New York’s History of Being Buffeted, Starting in 1821
Stephen Fybish, a 74-year-old weather historian from Manhattan’s Upper West Side, celebrated his second birthday in Jackson Heights, Queens, on Sept. 20, 1938, the day before the great hurricane struck New York City. Nonetheless, his mother often proudly reminded him, everybody who was invited made it to his party.
The 1938 storm, which claimed 600 lives in the Northeast, devastated eastern Long Island, but spared much of the city, which, Mr. Fybish recalled, was soaked by about five inches of rain over two days and whipped by 60 m.p.h. winds.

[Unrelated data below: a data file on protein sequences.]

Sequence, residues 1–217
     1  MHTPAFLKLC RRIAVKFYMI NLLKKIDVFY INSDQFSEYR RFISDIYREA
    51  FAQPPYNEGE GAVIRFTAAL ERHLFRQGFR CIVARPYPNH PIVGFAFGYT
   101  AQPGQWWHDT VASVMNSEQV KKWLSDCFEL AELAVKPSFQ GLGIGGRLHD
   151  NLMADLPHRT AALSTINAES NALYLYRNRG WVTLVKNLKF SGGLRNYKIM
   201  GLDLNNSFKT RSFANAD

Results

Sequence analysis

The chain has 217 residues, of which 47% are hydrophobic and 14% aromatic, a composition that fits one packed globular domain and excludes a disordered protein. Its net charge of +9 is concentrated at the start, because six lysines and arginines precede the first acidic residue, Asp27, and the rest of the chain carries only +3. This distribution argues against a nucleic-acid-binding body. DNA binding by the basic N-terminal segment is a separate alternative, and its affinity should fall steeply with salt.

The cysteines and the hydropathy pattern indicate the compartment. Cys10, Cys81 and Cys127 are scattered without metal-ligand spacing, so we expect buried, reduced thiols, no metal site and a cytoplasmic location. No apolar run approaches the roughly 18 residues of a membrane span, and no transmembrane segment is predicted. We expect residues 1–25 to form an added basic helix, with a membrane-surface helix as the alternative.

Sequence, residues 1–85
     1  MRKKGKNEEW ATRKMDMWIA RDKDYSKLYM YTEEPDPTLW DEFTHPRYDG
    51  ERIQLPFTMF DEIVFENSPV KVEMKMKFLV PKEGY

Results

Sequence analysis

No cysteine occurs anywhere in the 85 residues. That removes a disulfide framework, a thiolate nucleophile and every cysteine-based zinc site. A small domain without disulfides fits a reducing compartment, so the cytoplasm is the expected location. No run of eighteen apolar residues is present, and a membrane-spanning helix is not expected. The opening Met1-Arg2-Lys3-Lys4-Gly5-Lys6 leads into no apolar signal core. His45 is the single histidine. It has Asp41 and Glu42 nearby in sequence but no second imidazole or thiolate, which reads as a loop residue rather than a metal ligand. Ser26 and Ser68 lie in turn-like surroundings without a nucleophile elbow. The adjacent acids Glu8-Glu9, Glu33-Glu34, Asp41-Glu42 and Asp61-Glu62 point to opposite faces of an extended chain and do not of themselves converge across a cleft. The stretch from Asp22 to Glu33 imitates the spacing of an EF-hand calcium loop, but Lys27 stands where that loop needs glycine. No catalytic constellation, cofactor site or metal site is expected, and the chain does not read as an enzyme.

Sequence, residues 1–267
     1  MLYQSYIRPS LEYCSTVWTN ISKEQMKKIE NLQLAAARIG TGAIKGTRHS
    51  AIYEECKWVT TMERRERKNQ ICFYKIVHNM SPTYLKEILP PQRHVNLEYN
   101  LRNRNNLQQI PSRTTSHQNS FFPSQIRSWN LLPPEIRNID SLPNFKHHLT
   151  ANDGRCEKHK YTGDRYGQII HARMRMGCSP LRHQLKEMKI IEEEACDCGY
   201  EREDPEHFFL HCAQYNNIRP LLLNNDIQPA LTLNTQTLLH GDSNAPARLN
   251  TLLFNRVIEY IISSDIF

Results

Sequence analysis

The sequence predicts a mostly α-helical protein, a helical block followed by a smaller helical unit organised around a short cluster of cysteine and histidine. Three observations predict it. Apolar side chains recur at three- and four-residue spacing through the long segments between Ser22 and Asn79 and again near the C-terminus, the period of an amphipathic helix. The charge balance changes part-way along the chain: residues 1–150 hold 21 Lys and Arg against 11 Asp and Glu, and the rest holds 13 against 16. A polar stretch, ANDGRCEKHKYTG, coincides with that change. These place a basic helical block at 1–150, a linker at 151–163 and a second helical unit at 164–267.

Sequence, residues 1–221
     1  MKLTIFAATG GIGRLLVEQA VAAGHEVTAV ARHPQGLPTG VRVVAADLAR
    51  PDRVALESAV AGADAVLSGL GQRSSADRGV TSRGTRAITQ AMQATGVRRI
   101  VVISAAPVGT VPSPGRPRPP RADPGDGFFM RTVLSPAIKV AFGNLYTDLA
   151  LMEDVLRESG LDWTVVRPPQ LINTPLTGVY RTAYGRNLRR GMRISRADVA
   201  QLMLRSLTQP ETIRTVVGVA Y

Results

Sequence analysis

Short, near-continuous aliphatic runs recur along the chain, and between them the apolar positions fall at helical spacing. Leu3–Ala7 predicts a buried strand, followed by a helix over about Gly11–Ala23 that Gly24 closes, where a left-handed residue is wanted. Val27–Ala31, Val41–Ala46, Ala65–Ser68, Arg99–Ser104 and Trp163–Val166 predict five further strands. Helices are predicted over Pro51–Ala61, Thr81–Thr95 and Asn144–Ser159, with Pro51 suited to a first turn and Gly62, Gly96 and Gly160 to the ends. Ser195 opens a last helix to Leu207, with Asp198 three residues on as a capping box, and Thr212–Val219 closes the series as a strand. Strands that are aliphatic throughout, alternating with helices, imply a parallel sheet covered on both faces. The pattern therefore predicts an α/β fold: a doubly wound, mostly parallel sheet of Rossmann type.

Like other hurricanes, even that storm paled in comparison to the fiercest gale ever recorded, the one that that slammed the city head-on near what is now Kennedy International Airport on Sept. 3, 1821 — before Mr. Fybish’s time, he acknowledges. The tide rose 13 feet and the Hudson and East Rivers converged in lower Manhattan....
comments powered by Disqus
- Israel Museum turns a 'brief history of humankind' into exhibit
- What Niall Ferguson's been tweeting lately
- Scholar of Urban Riots: Expect More Unrest
- Historian says Indian mascots remain popular even at schools that dropped them
- A column by Johns Hopkins historian N. D. B. Connolly causes a firestorm on the website of New York Times